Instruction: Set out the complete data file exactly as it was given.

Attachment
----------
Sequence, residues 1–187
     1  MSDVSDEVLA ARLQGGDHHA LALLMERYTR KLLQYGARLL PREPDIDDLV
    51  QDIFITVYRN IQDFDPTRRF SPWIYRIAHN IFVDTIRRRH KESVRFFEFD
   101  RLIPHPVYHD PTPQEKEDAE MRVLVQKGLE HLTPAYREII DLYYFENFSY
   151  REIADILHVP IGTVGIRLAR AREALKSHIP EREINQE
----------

Sequence, residues 1–187
     1  MSDVSDEVLA ARLQGGDHHA LALLMERYTR KLLQYGARLL PREPDIDDLV
    51  QDIFITVYRN IQDFDPTRRF SPWIYRIAHN IFVDTIRRRH KESVRFFEFD
   101  RLIPHPVYHD PTPQEKEDAE MRVLVQKGLE HLTPAYREII DLYYFENFSY
   151  REIADILHVP IGTVGIRLAR AREALKSHIP EREINQE